Search Results

You are looking at 1 - 6 of 6 items for :

  • "result interpretation" x
  • Refine by Access: All x
Clear All
Full access

An Unexpected Diagnosis Uncovered by Quantitative Molecular Findings: A Case Report

Alessia Buglioni, Ruifeng Guo, Kandelaria M. Rumilla, Mark A. Edgar, Svetomir N. Markovic, and Gang Zheng

A 74-year-old male presented with rectal pain; workup uncovered an anal mass, and a diagnosis of melanoma was rendered via histologic examination and immunohistochemical (IHC) studies. Droplet digital PCR (ddPCR)–based BRAF testing was performed and revealed the presence of BRAF V600E, which is a common targetable genetic alteration in melanoma. Interestingly, the ratio of mutant to wild-type copy number was low (0.3%), whereas tumor cell percentage on tissue slides was 90%. With additional workup, BRAF V600E IHC confirmed a very small subset of BRAF V600E–positive cells, and a next-generation sequencing (NGS) panel revealed a pathogenic KIT variant, p.L576P, with an allele frequency of 63%. It was initially hypothesized that the main driver of the melanoma was the KIT alteration, whereas a small subclone (not detected by NGS, which has a 5% limit of detection) was driven by the BRAF V600E detected by ddPCR. To determine whether there were morphologic differences between the 2 clones, a careful review of the histology was performed and revealed distinct morphology of the BRAF V600E–positive cells, including pale cytoplasm, nuclear grooves, and infiltrating eosinophils. Additional IHC workup of the BRAF V600E–positive cells showed coexpression of CD1a, Langerin, and S100, diagnostic of Langerhans cell histiocytosis (LCH). This diagnosis was unexpected and would have been missed without highly sensitive molecular testing; yet it is of clinical importance for the patient. This case raises interesting biology questions regarding the relationship between melanoma and LCH; moreover, it highlights the importance of integrating quantitative information in molecular data interpretation.

Full access

QIM21-083: Quantitative Evaluation of Methods Designed to Improve the Accuracy and Quality of Multi-Gene Panel Testing for Hereditary Cancer

Carolyn Horton, Holly LaDuca, Lily Hoang, Elizabeth Chao, Jill Dolinsky, Jefferey Chen, Adam Chamberlin, and Rachid Karam

designed to mitigate inherent limitations of NGS-based assays and improve results interpretation; however, few efforts have been made to quantify the effect these methods have on genetic test results at the patient level. We aim to determine the clinical

Full access

Point: Chemosensitivity Assays Have a Role in the Management of Recurrent Ovarian Cancer

Julian C. Schink and Larry J. Copeland

testing with careful quality control, and computer-assisted image analysis and result interpretation. The different assays are distinguished by their criteria for measuring drug effect. The ATP luminescence assay measures the effect of treatment on the ATP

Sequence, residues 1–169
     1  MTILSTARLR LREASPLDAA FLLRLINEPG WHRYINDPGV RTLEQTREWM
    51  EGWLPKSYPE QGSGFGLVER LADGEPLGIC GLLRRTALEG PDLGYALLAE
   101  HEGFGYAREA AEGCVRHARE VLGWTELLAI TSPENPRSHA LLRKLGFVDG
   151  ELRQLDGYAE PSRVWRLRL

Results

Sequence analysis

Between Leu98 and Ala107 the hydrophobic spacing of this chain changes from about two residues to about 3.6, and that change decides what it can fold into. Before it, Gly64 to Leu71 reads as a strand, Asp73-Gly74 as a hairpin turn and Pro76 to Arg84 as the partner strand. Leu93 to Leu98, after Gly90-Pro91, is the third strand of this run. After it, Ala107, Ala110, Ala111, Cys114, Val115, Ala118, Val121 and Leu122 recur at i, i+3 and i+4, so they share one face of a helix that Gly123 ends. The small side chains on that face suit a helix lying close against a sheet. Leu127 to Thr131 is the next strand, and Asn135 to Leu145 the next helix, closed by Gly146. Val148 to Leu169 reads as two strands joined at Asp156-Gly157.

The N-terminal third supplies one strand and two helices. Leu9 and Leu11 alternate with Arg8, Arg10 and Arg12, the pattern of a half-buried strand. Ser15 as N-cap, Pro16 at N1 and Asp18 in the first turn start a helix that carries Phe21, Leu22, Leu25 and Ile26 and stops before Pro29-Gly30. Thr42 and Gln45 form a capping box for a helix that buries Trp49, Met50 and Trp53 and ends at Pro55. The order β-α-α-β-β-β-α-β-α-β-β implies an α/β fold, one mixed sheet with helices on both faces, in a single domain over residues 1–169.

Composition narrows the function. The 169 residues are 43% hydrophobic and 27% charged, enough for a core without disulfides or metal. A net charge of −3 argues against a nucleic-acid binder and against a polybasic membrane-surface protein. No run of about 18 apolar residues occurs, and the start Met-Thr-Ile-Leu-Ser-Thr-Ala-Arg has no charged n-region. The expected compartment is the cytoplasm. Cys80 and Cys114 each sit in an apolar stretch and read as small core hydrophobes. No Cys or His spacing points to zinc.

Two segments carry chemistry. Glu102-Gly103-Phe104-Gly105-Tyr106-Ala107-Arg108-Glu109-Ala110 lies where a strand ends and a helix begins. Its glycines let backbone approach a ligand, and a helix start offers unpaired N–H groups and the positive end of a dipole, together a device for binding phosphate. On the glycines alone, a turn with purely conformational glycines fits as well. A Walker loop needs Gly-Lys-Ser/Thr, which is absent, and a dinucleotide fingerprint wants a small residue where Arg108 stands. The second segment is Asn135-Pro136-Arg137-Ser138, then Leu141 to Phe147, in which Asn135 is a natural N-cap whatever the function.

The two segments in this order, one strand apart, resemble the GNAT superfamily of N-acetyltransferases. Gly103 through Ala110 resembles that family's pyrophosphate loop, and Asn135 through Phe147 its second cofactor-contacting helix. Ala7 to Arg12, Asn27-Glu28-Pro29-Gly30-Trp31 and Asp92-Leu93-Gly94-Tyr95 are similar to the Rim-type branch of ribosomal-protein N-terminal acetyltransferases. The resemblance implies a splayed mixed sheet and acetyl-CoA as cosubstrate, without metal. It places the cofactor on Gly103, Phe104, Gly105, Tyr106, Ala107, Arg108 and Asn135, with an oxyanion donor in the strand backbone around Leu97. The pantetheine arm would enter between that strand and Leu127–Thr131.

Full access

Gene Panel Testing for Inherited Cancer Risk

Michael J. Hall, Andrea D. Forman, Robert Pilarski, Georgia Wiesner, and Veda N. Giri

laboratories for the same mutation may receive differing result interpretations, leading to confusion in cancer risk management. A final important risk of gene panel testing is the higher rates of identifying VUS currently associated with these newer tests

Full access

A Web-Based Tool to Automate Portions of Pretest Genetic Counseling for Inherited Cancer

Deborah Cragun, Anne Weidner, Ann Tezak, Brenda Zuniga, Georgia L. Wiesner, and Tuya Pal

streamline the delivery of cancer genetic risk assessment and counseling services while maximizing the benefits of tailored posttest GC discussion, including results interpretation and guidance on medical management. Acknowledgments We thank Courtney Lewis

Full access

Prostate Cancer Early Detection, Version 2.2015

Peter R. Carroll, J. Kellogg Parsons, Gerald Andriole, Robert R. Bahnson, Daniel A. Barocas, Erik P. Castle, William J. Catalona, Douglas M. Dahl, John W. Davis, Jonathan I. Epstein, Ruth B. Etzioni, Thomas Farrington, George P. Hemstreet III, Mark H. Kawachi, Paul H. Lange, Kevin R. Loughlin, William Lowrance, Paul Maroni, James Mohler, Todd M. Morgan, Robert B. Nadler, Michael Poch, Chuck Scales, Terrence M. Shaneyfelt, Marc C. Smaldone, Geoffrey Sonn, Preston Sprenke, Andrew J. Vickers, Robert Wake, Dorothy A. Shead, and Deborah Freedman-Cass

specificity. These tests and PCA3 are also options in men being considered for repeat biopsy after an initially benign result. Interpretation of Biopsy Results Cancer: Patients diagnosed with prostate cancer by biopsy should be managed according